FIDE World Cup 2017: Eljanov out; 22 tiebreaks!

by Sagar Shah
9/5/2017 – The biggest news of day two was 2015 World Cup hero Pavel Eljanov bowing down to Aleksandr Lenderman with a score of 2-0. The next biggest casualty was former FIDE World Champion Ruslan Ponomariov. 42 players have qualified for the next round and the same number have been knocked out. 44 players will play in the tiebreaks on 5th of September. It is going to be exciting as we will see some big names like Karjakin, Yu Yangyi, Ivanchuk, Adams etc. in action. | Photos: Amruta Mokal

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Tiebreaks in over a third of matches

World Cup

Let's start with the following position for consideration:

 

As you can see, Black is completely winning. He has many ways to convert his two pawn advantage into a win. The easiest would be to get the rook to b4, then push the pawn to e4 and then just bring the king over. However, the player with the black pieces got a bit eager. He pushed the pawn to a3, obviously seeing that Rxa3 would be met with Rh3+, winning an entire rook. And the white player did take the pawn with Rxa3. And it was only then that Black realized what he had done. Rh3+ would be met with Ke4 and Rxa3 results in...

 

Yes, this is a trap that you would find in many basic endgame manuals, but the player who made the error is no ordinary player.

GM Basim Amin

He was Bassem Amin, winner of the Lake Sevan 2017 and Abu Dhabi Masters 2017 tournaments the highest rated player in Africa. In fact if Amin had won this game against Viktor Erdos he would have not only qualified for round two of World Cup 2017, but also become the first African to cross 2700 Elo.

Oh my God! How could Baseem miss that?

Such an error is gut wrenching in any tournament, but in the World Cup the pain is even more acute. The reason is simple: players have to struggle extremely hard for every half point. Even the World Champion had to invest over four hours to overcome his 2255 rated opponent. All the players are extremely motivated to do well, and prove to the world that they can compete with the best. It will remain to be seen if Amin is able to overcome this traumatic result and win the tiebreaks.

When the second game of round one began, four players above 2700 were trailing by one full point:

 (Clockwise from top left) Pavel Eljanov, Harikrishna Pentala, Wei Yi and Vladimir Fedoseev

If you want to succeed in a knockout format like the World Cup you have to master the art of making comebacks. If you are able to win the game when you are trailing by a full point, you not only equalize the match, but also have the momentum with you. And three out of the above four players were able to win their game and take the match into tiebreaks.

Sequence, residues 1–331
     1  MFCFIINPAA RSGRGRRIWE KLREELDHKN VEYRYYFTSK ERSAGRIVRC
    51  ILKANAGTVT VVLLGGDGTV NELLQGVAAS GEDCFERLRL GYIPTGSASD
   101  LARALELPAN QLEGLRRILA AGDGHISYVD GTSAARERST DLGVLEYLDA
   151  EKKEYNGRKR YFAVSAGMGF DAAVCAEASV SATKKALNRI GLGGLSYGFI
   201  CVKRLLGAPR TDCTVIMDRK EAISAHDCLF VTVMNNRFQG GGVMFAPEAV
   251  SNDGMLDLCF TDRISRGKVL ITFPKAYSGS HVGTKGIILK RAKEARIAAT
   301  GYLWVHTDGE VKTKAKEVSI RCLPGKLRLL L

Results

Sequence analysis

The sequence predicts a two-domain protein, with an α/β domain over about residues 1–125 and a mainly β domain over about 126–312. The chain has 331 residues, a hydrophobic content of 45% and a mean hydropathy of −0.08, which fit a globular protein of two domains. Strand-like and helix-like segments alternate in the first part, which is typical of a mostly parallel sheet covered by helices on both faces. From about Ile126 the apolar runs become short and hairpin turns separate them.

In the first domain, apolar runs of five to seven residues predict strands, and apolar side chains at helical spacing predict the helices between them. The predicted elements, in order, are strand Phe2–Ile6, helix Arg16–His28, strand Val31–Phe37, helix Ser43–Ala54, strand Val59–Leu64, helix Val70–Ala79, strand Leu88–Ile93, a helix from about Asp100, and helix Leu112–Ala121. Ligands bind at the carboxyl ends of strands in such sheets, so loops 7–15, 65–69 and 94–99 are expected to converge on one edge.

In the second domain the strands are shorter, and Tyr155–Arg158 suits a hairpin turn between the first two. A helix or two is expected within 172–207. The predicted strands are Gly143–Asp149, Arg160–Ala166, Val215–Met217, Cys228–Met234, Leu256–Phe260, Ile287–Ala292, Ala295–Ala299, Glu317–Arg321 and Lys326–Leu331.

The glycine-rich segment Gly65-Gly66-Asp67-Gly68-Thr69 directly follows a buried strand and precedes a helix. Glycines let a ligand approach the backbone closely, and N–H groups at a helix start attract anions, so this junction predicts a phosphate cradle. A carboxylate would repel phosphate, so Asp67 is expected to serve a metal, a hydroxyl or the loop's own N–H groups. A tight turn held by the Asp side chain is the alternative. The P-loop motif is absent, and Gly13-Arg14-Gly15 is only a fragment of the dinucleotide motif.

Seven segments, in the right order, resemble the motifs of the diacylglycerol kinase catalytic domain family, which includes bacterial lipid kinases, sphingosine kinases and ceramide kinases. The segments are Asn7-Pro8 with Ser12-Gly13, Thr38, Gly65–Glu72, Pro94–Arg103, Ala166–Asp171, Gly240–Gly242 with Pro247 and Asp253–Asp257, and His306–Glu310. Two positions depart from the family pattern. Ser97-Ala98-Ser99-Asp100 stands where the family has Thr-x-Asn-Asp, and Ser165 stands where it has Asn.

Vladimir Fedoseev was the first one to win. When I went to have lunch, I saw Vladimir standing outside the hotel, just walking around. He wasn't talking to anyone, he wasn't smoking, he was simply walking. When I asked him after the game as to what exactly was he doing in the 2 p.m. afternoon heat, he said, "I was motivating myself for the game."

A quick chat with Fedoseev after he won his game against Yusnel Bacallao

 

The ABC of the Caro-Kann

The ABC of the Caro Kann describes a repertoire for Black which will stand the test of time and the main ideas and themes of the opening are explained in Andrew Martin‘s usual friendly, accessable style. The Caro-Kann is a permanent defence to 1 e4!

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Getting in the right frame of mind is just so very important. For a player like Harikrishna, it was imperative to cut himself off from everyone in order to prepare for this encounter. He was not to be seen in the restaurant for lunch and he came to the game just a few minutes before it was about to begin. He wanted to remain as focussed as possible and keeping public interaction to the minimum helped him get into the groove.

For Yuri Gonzalez (Hari's opponent) too this was a big day — a half point and he would have scored the biggest upset of his career

Gonzalez came to the board beore everyone else. He filled out his scoresheet, adjusted his pieces and spoke to his Cuban friends (mainly Bruzon Batista). He had played a fine game in round one to beat Harikrishna.

Harikrishna used the tried and tested Ruy Lopez and the players had a discussion in the Breyer variation. The Indian GM turned out to be better prepared and managed to outplay his opponent.

Harikrishna earns a clutch win

 

Wei Yi had the white pieces, did not panic, and beat his opponent Bator Sambuev to level the score